The Australian Government has proposed new legislation to update and improve the graphic warnings on the packaging of cigarettes to reduce the country’s national smoking rate.

This update was shared by Australian Health and Aged Care Minister Mark Butler in a media release on 13 September.

If passed, the legislation will come into effect from 1 April 2024.

Associated industry partners in Australia will be given a year to adhere to the requirements while local retailers will be given an additional three months.

The change mainly focuses on updating the existing graphic warnings given on cigarette packaging by now extending these warnings to individual cigarettes.

The proposed law further intends to standardise the size of tobacco packets and products, including the appearance and design of the filters, sold across the country.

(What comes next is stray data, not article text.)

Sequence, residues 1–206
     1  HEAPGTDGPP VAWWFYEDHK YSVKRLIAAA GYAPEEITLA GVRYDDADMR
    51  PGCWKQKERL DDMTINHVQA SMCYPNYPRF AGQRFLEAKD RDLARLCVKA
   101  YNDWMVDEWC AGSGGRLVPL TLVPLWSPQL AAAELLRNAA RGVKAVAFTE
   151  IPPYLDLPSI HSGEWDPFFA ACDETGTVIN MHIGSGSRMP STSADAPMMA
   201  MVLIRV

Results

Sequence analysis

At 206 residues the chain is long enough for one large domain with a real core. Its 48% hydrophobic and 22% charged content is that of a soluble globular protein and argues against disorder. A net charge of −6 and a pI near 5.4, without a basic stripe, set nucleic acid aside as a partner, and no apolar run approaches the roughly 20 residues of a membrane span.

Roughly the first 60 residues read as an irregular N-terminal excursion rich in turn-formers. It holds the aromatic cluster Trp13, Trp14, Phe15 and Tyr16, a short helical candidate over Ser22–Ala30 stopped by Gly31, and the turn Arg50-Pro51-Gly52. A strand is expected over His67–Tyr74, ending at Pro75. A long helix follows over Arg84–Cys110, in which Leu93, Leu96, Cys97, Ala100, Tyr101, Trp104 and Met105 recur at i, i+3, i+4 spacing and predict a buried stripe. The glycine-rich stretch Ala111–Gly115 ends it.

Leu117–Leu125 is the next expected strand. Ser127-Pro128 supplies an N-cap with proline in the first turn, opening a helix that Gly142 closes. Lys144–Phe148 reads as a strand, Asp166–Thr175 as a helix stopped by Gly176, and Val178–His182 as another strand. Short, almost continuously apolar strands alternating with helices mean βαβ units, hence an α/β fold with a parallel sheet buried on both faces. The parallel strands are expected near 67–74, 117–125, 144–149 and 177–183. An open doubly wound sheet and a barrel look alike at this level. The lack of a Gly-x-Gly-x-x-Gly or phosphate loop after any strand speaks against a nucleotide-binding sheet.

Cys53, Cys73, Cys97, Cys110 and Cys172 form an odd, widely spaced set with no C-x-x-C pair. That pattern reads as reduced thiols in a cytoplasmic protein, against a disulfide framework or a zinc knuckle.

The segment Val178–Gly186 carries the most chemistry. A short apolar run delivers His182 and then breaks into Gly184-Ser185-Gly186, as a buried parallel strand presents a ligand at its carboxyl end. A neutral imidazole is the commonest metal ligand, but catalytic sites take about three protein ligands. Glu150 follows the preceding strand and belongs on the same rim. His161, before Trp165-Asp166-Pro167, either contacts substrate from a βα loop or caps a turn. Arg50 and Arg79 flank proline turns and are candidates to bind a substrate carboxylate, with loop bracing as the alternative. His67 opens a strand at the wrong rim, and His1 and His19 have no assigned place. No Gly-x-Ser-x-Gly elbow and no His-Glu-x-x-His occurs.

The government also aims to create more transparency in terms of sales volumes, product content, and advertising or promotional activities related to tobacco products.

The use of appealing names on the product’s packaging that promote the idea of reduced harm will also be restricted.

Other measures proposed under this law include eliminating the use of certain additives in the product such as menthols and requiring health promotion inserts in packs/pouches.

Butler said: “Australia has been a leader in public health measures to discourage smoking, but after a decade of inaction, the gains of Labor’s world-leading plain packaging laws have been squandered.

“Since the inception of plain packaging, big tobacco has become increasingly creative and cunning with their marketing tactics.

“This legislation will allow Australia to reclaim its position as a world leader on tobacco control.”

The move is expected to help bring down the national smoking rate to less than 10% by 2025 and 5% or less by 2030.

Butler added: “I hope these new reforms are met with bipartisanship.”